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Drug Policy

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SPORTS
August 5, 1995 | Daily News Wire Services
The University of Miami announced yesterday a stricter drug policy in the wake of reports that one of its football stars tested positive and was allowed to play anyway. The new policy, which requires all athletics to undergo a minimum of three random tests each year, also comes as the NCAA Committee on Infractions begins to review information from investigations into three scandals at Miami in the past year. "It's not intended to punish," Miami athletic director Paul Dee said.
SPORTS
August 31, 2007 | THE INQUIRER STAFF
The PGA Tour is nearing completion on a comprehensive drug policy, and commissioner Tim Finchem said yesterday that testing could start as early as next year. Finchem spoke to the tour's 16-man player advisory council on Monday and updated it on the PGA's progress. He said drug testing would be only one part of the policy. Still to be determined are exemptions for therapeutic use. The LPGA Tour will begin drug testing next year. U.S. Solheim Cup player Sherri Steinhauer shot a 5-under-par 67 in windy conditions to take a 1-stroke lead in the LPGA State Farm Classic, while Annika Sorenstam was 4 shots back on the Panther Creek Country Club course in Springfield, Ill. Marc Warren made eight birdies for an 8-under 65 to take a 1-stroke lead in the first round of the Johnnie Walker Championship on the Centenary Course in Gleneagles, Scotland.
NEWS
April 8, 2009
Almost a century ago, the United States started down the path toward prohibition of illegal drugs and criminalization of those who use them. Decades of lackluster to disastrous results did little to change the chosen course. Only a sharp economic downturn could do that. There's little to like about the current recession, but it is moving drug and prison policies in a more pragmatic direction. In one of the most remarkable examples, New York's legislature voted last week to dismantle its harsh drug laws.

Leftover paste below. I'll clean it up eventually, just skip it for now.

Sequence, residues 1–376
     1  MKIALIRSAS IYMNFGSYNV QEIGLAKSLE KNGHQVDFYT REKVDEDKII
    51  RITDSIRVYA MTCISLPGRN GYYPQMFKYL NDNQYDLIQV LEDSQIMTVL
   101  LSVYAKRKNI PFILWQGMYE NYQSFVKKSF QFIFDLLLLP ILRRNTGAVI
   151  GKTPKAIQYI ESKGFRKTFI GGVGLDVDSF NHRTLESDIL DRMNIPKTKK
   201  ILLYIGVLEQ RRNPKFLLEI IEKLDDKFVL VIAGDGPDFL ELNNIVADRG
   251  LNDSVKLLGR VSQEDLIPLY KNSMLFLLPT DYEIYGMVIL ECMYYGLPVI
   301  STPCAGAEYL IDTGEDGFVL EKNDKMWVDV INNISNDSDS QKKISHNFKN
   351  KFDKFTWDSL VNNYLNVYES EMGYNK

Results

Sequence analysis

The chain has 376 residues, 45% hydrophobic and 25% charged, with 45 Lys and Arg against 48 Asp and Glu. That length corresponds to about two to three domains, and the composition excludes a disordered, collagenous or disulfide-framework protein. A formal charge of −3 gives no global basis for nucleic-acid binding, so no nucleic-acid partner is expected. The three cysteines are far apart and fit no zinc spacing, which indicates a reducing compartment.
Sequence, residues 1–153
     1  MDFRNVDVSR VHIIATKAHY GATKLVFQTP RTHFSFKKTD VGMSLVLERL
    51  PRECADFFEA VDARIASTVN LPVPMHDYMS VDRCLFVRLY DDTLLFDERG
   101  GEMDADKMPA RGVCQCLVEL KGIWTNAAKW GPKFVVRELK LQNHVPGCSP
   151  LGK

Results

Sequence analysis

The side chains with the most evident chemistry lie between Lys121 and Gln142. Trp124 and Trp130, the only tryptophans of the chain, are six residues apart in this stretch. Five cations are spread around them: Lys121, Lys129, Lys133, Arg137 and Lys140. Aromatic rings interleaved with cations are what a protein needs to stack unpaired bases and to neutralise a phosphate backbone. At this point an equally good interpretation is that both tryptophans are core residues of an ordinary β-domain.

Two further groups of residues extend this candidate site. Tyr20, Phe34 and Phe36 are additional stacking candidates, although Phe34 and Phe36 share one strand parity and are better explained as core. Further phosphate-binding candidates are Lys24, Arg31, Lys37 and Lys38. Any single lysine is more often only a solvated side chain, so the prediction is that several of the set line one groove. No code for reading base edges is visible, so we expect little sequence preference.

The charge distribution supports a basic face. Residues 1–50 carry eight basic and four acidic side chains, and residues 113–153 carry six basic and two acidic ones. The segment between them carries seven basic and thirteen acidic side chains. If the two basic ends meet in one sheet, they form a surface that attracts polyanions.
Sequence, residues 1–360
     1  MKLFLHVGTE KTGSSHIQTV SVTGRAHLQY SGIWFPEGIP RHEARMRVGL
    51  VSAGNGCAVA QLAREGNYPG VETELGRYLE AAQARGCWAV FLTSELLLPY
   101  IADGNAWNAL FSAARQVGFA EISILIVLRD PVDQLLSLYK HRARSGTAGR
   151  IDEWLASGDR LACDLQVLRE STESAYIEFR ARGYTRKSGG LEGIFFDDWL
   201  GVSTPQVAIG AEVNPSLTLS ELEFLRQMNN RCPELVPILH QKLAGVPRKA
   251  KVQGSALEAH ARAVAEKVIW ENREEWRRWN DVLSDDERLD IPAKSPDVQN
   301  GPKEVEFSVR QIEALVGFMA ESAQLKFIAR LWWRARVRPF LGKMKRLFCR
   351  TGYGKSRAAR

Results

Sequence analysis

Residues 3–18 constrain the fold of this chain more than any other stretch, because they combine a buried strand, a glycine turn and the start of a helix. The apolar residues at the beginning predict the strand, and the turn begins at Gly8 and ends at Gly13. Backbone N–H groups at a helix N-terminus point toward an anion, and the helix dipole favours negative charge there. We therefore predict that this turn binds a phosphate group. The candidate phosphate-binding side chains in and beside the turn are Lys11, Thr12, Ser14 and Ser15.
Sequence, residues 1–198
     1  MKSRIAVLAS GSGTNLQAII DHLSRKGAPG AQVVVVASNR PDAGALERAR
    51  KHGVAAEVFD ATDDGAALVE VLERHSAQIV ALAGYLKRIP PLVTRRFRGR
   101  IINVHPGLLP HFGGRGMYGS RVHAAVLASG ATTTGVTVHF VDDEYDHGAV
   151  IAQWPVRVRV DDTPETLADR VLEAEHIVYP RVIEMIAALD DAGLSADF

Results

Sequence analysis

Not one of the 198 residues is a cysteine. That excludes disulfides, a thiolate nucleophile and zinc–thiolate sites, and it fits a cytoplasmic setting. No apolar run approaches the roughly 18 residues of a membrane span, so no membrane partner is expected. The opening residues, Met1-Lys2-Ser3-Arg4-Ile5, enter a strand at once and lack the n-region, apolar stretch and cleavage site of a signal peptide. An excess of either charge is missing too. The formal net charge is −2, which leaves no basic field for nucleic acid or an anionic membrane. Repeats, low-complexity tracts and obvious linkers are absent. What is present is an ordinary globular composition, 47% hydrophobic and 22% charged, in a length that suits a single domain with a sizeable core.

SPORTS
April 29, 1990 | By Frank Fitzpatrick, Inquirer Staff Writer
When Buffalo defenseman Uwe Krupp tested positive for the stimulant phentermine a week ago at the World Championships in Switzerland, it pointed up the NHL's almost nonexistent drug policy. Krupp, playing for his native West Germany, was banned from all international competition for 18 months, but his status with the Sabres will not be affected since the NHL does not test for drugs. (The league has, however, taken action against three players who were charged with possession of heroin or cocaine.
NEWS
June 14, 1987 | By Lillian Micko, Special to The Inquirer
The Chesilhurst school board last week adopted a revised drug-education policy to comply with a new state law. Administrative principal Shirley B. Foster said at the board's meeting Monday night that the district had had a policy for several years and that the revisions were mostly technical. Under Chesilhurst's policy, Foster said that all 180 students in the district, which teaches kindergarten through sixth grade, already were being exposed to lectures and films on drug abuse.